The traditional cliff houses of Oia are world-known for their mesmerizing beauty, as they are often photographed and used to advertise Santorini abroad.
The Greek National Tourism Organisation started a preservation program to restore and develop these settlements in 1976, which led to finding new uses for some of the houses, which are now offering accommodation for tourists, or were converted into restaurants and taverns highly sought-after not only for traditional regional cuisine but also for spellbinding views over the sea. The restoration efforts brought the Greek National Tourism Organisation the Sofia Architectural Biennale prize in 1986.
Locals had to overcome the building challenges of the Caldera. The ground roughness and the difficulty of bringing conventional building materials up the rock led to the development of a unique architectural style, particular to Oia and the Cyclades: vaulted “caves” or yposkafos (dug into the rock). Sometimes these homes have stone extensions outside the excavated section, usually covered by a dome. The cave houses are excellent in terms of thermal performance in winter and summer, maintaining constant temperatures, however, in colder seasons additional heating reduces troublesome moisture.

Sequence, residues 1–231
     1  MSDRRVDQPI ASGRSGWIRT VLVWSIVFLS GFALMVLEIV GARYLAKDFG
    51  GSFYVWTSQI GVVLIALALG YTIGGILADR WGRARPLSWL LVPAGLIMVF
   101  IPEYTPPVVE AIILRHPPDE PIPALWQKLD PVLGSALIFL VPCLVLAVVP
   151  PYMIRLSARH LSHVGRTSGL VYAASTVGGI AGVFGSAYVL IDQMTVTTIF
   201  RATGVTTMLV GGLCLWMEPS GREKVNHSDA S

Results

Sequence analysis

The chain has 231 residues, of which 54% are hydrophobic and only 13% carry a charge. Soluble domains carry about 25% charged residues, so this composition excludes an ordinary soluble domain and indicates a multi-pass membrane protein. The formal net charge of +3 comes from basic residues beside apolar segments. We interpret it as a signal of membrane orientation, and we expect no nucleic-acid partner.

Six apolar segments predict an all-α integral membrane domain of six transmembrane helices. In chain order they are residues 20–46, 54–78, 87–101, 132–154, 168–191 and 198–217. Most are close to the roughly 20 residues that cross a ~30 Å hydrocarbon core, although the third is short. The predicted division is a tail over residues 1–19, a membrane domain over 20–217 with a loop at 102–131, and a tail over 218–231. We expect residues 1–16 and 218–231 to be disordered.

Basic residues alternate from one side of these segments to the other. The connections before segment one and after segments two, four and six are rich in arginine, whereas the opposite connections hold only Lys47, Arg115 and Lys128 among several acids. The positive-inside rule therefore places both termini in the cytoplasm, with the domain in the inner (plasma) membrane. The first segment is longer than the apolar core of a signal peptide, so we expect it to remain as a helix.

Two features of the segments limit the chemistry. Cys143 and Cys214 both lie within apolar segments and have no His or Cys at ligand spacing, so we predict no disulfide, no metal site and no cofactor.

Another particularity of the cliff houses of Oia is that they follow the natural lines of the caldera, facing south and west to enjoy as much direct sunlight as possible.
Originally, most of these homes were colored in earthy tones, but only a few still maintain this tradition, as the general preference now is white, which contrasts beautifully with the blue domes of the churches. When you visit Oia’s Naftiko Mousio, the Thira Naval Maritime Museum, you will find that many of these homes were residences of the crews of the ships. Although it was always small, Oia was an important ship-owners town; “in 1890 for example, when the total population did not exceed 2500 people, there were 130 ships belonging to Oia natives and a small shipbuilding yard.”* Oia has an entire neighborhood of yposkafos built by common seafarers. However, their captains had built kapetanospita or captain’s houses. These were Venetian-inspired mansions on prime location atop the caldera, enjoying bewitching sea views. They also had spacious courtyards and rainwater tanks.